“Dangerous Liaisons” is the overarching theme of The Atlanta Opera’s landmark 40th anniversary season. From Puccini’s Cio-Cio San to Rodriguez’s Frida Kahlo, most of the featured protagonists share a propensity for self-destructive relationships that threaten to bring about their downfall. The 2019-20 season also represents something of a homecoming for four world-class artists, showcasing Atlanta natives Morris Robinson and Jennifer Larmore, University of Georgia graduate Jennifer Holloway, and Atlanta Opera Studio alumnus Santiago Ballerini, besides marking the returns of local favorites Emily Fons, Michael Mayes, Gianluca Terranova, and Catalina Cuervo, and the company debut of Japan’s Yasko Sato. Four ambitious mainstage productions anchor the season, with the company premieres of acclaimed takes on La Cenerentola and Porgy and Bess, the return of Atlanta’s original staging of Madama Butterfly, and the world premiere presentation of a new production of Salome by Tomer Zvulun, the company’s Carl W. Knobloch, Jr. General & Artistic Director. The Atlanta premieres of two recent American operas – Frida (1991) and Glory Denied (2007) – round out the season in the Discoveries series, which breaks down barriers between artists and their audience by providing authentic, intimate and immersive experiences in nontraditional spaces. The winner of a “Best of Atlanta” award from the Atlanta Journal-Constitution and an International Opera Award nomination, the series represents one of the many innovations behind the company’s current wave of extraordinary creative and economic resurgence.
Zvulun explains: “We are keeping our commitments to our audiences this season. First, we’re staging classic works by Puccini, Rossini, and Strauss, but in new and different ways, as part of our commitment to classic opera. Second, we have chosen to stage the Gershwin’s larger-than-life operatic musical, Porgy and Bess, as part of our commitment to bringing new & different audiences in to the world of The Atlanta Opera. Third, we’re producing our largest Discoveries season yet, with the story of the Mexican icon Frida Kahlo. Finally, we’re deepening our commitment to our veterans and active duty service members by closing our Discoveries season with Glory Denied, the story of the longest held prisoner of war in American history.”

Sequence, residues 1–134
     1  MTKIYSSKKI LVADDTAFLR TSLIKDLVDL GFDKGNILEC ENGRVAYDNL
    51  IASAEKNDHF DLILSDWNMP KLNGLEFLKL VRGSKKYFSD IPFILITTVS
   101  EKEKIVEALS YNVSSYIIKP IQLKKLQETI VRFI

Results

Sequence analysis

About the mainstage 2019-20 productions
The Atlanta Opera inaugurates the 2019-20 mainstage season with the company premiere of Joan Font’s iconic treatment of La Cenerentola, Rossini’s beloved bel canto fairytale adaptation. A co-production of Houston Grand Opera, Welsh National Opera, Liceu Opera Barcelona, and Grand Théâtre de Genève, the Spanish director’s cartoonlike, faux-Rococo staging impressed Opera News as both “adorable” and “enchanting.” For its first Atlanta run, the production stars Grammy-nominated mezzo-soprano Emily Fons in a reprise of the title role in which, at Opéra De Lille, she proved “a happy revelation, combining a rich and full-bodied timbre with a projection as bold as her agility” (Diapason, France). She sings opposite the Ramiro of Argentinean tenor Santiago Ballerini, who launched his career in the Atlanta Opera Studio program before returning to star in the company’s recent hit production of The Daughter of the Regiment. They will be joined by “superb” bass-baritone Dale Travis (New York Arts) as the wicked stepfather Don Magnifico, under the baton of Dean Williamson, Music Director of the Nashville Opera (Nov 2-10).
Next up at the Cobb Energy Centre is Salome, Richard Strauss’s sublimely heady, Romantic take on Oscar Wilde’s twisted biblical tale of lust, incest, seduction, and power. This world premiere presentation of a new production by Tomer Zvulun stars Jennifer Holloway, following the soprano’s triumphs in the title role at Semperoper Dresden, Bilbao Opera, Leipzig Opera, and England’s Opera North, where she gave “an outstanding central performance.” As The Times’ review continued: “She catches all the complexities and conflicts of the Judean princess: at once a petulant spoilt child and a woman who mistakes lust and infatuation for love, weary of being leered at and objectified, and unable to interrogate her own destructive urges. … Holloway’s guttural demands for Jokanaan’s head are pure revenge, sitting as happily in her voice as the floated high notes and ecstatic outpourings.” Canadian bass-baritone Nathan Berg, the “majestic bass” (Financial Times) heard on the Houston Symphony’s 2018 Grammy-winning Wozzeck recording, undertakes the role of Jochanaan, Salome’s object of desire, with Grammy Award-winning mezzo-soprano and Atlanta native Jennifer Larmore as her mother, Herodias. Music Director Arthur Fagen, who launched his Atlanta Opera tenure in 2010, leads from the pit (Jan 25–Feb 2).
Continuing its new annual commitment to showcasing great operatic voices in musical theater, The Atlanta Opera presents George and Ira Gershwin’s Porgy and Bess in the company premiere of Francesca Zambello’s celebrated production. Originally created for Washington National Opera, this has since been seen on PBS, on DVD, and at companies including Lyric Opera of Chicago, where the Chicago Tribune not only found it “exuberant,” but also praised its success in revealing the work to be “an operatic masterpiece.” In the opening performances, bass Morris Robinson sings the male lead, the vehicle for his 2016 La Scala debut, which drew a five-star review in the Financial Times. As Italy’s Fermata Spettacolo also marveled, “Robinson’s Porgy gives the protagonist great power. His commanding, vibrant voice has imposing body and an almost dark low register that he manages to modulate in line with the expression.”